alleged that the Weis Markets defendants acted under color of state law. Nor has the plaintiff alleged facts from which it
can reasonably be inferred that the Weis Markets defendants acted under color of state law. Accordingly, the complaint
fails to state a 42 U.S.C. § 1983 claim against the Weis Market defendants upon which relief can be granted.
Although the plaintiff does not allege in the complaint that the Weis Market defendants acted under color of state law, in a brief (doc. 24) in opposition to the motion to dismiss the plaintiff intimates that the Weis Market defendants were acting under color of state law because they were participants in a joint activity with persons acting under color of law in that defendants Unknown Employee No. 1 and Unknown Employee No. 2 were security guards and security guards are often licensed by the state to carry firearms.
The court should grant the plaintiff leave to amend his complaint unless amendment would be inequitable or futile. See Grayson v. Mayview State Hospital, 293 F.3d 103, 114 (3rd Cir. 2002). We will not recommend that the plaintiff be given leave
to amend his complaint because it appears that amendment would be futile. Although the plaintiff asserts in conclusory terms
that the defendants were participants in joint activity and acted in concert, he has not asserted any basis for such an assertion. The fact that two of the Weis Markets defendants
may have been security guards does not raise a reasonable inference that they were acting under color of state law. "Private security guards can, in some circumstances, act under color of state law." Stukes v. Knowles, 229 Fed.Appx. 151, 153 n.2 (3d Cir. 2007). In the shoplifting context, a private
employee of a store does not act under color of state law unless: 1) the police have a pre-arranged plan with the store; and 2) under the plan the police will arrest anyone identified as a shoplifter by the store without independently evaluating the presence of probable cause. Cruz v. Donnelly, 727 F.2d 79, 81 (3d Cir. 1984). However, the mere fact that the defendants
were security guards and may have been licensed to carry a firearm is not sufficient to support a reasonable inference that they were acting under color of state law when they 14
allegedly used excessive force on the plaintiff.
we will not recommend that the plaintiff be granted leave to amend his complaint with respect to the Weis Markets defendants.1
Motion of Defendant Claeys.
The plaintiff claims that defendant Claeys violated his constitutional rights by initially taking him to the jail
1. The plaintiff also asserts in his brief that he is bringing state law claims under the court's supplemental jurisdiction. Pursuant to 28 U.S.C. § 1367, the court has supplemental jurisdiction over claims that are so related to claims in the action within the court's original jurisdiction that they form part of the same case or controversy under Article III of the United States Constitution. Under § 1367, the following is required: 1) the federal claims must have substance sufficient to confer subject-matter jurisdiction; 2) the state and federal claims must derive from a common nucleus of operative facts; and 3) the plaintiff's claims must be such that he would ordinarily be expected to try them all in one judicial proceeding. Pryzbowski v. U.S. Healthcare, Inc., 245 F.3d 266, 275 (3d Cir. 2001). The complaint does not plead any state law claims. We will not recommend that leave to amend be granted for the plaintiff to plead state law claims against the Weis Markets defendants because it does not appear that any state law claims against the Weis Markets defendants would derive from a nucleus of operative facts in common with the federal claims against the remaining defendants. 15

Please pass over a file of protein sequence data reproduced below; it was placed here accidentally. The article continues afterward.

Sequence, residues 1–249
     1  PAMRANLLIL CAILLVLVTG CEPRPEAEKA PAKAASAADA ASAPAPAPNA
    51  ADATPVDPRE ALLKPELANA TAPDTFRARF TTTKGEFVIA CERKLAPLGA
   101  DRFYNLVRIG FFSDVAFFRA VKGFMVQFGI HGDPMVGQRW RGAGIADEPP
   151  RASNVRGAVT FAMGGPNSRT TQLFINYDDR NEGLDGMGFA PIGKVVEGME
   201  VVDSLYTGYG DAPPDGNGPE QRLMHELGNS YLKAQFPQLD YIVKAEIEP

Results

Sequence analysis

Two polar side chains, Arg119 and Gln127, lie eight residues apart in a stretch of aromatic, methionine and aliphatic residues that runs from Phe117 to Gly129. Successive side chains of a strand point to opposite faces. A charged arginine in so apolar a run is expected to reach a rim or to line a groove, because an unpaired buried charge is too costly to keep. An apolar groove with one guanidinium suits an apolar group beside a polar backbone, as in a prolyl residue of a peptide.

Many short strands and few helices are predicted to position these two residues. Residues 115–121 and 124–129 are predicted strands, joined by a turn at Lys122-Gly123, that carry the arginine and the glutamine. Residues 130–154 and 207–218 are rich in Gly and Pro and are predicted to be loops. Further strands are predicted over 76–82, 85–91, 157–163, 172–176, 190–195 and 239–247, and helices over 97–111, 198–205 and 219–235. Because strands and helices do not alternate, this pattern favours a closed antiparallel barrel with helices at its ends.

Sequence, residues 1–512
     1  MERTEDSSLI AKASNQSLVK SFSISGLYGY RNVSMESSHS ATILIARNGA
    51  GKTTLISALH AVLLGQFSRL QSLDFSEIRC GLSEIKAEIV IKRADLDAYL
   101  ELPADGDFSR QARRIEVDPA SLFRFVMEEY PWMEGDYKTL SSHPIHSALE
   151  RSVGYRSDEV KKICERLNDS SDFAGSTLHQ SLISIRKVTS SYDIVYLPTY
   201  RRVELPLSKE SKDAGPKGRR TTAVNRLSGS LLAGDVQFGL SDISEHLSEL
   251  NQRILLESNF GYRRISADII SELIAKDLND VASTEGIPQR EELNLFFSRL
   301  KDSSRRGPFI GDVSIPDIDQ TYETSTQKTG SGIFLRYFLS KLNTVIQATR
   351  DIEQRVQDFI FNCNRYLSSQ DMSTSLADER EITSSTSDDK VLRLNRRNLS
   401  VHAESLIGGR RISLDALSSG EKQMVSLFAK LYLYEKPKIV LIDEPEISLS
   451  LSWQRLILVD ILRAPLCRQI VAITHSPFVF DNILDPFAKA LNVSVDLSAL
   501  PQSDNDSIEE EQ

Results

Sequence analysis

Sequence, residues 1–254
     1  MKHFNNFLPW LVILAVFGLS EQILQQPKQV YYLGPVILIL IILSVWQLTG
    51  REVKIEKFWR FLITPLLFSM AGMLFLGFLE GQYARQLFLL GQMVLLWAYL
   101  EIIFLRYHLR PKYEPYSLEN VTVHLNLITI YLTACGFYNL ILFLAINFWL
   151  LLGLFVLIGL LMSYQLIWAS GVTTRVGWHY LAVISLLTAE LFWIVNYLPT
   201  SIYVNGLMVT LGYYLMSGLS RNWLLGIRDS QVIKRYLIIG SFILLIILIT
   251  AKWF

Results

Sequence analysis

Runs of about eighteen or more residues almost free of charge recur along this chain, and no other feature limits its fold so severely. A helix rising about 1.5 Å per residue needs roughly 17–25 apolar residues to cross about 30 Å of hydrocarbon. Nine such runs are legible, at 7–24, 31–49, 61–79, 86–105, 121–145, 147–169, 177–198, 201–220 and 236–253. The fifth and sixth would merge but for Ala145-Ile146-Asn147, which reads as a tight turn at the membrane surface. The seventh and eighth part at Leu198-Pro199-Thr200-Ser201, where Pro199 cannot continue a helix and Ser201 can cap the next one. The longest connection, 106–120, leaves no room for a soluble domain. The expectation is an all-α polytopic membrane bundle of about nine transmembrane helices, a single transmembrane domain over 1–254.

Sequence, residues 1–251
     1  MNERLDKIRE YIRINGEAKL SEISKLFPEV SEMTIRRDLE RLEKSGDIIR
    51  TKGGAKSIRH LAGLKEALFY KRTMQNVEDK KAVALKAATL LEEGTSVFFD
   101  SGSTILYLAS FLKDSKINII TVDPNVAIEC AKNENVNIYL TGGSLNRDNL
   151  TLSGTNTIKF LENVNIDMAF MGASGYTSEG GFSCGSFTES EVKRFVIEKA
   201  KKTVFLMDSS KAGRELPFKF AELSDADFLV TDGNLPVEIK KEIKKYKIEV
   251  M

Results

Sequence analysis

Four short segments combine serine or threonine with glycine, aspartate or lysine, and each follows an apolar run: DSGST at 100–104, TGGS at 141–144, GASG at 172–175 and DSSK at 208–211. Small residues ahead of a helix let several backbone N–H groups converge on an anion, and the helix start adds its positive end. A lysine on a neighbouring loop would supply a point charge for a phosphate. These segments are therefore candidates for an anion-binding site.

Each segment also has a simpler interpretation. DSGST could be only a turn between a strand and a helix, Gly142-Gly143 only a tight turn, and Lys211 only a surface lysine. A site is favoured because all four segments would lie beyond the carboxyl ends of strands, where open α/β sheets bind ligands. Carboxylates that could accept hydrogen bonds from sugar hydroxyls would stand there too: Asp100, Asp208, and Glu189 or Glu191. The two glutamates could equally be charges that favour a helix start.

rather than to the emergency room of the hospital.
plaintiff alleges that this increased his pain and suffering.
The plaintiff cites the Eighth Amendment.
since it does not appear that the plaintiff was a convicted prisoner at the time, the Eighth Amendment is not applicable. Natale v. Camden County Correctional Facility, 318 F.3d 575, 581 (3d Cir. 2003)(stating that the Eighth Amendment applies only after the State has secured a formal adjudication of guilt in accordance with due process of law). The Due Process Clause
rather than the Eighth Amendment is applicable in this case. Boring v. Kozakiewicz, 833 F.2d 468, 471 (3d Cir. 1987)("Pretrial detainees are not within the ambit of the Eighth Amendment but are entitled to the protections of the Due Process clause."). "The Due Process clause requires the